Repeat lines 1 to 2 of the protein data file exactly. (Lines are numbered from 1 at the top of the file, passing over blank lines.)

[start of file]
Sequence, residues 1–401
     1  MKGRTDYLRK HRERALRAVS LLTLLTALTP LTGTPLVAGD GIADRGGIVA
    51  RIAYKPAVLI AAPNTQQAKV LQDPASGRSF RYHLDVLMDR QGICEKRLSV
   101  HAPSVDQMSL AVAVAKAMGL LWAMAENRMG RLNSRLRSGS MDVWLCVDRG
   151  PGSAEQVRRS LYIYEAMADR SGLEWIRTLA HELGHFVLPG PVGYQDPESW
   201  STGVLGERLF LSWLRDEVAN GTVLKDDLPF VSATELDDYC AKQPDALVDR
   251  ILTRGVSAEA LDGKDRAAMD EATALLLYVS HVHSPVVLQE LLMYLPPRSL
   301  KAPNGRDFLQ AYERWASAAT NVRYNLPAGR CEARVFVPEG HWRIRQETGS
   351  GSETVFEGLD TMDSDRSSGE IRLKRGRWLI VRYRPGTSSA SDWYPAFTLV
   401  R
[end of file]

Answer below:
Sequence, residues 1–401
     1  MKGRTDYLRK HRERALRAVS LLTLLTALTP LTGTPLVAGD GIADRGGIVA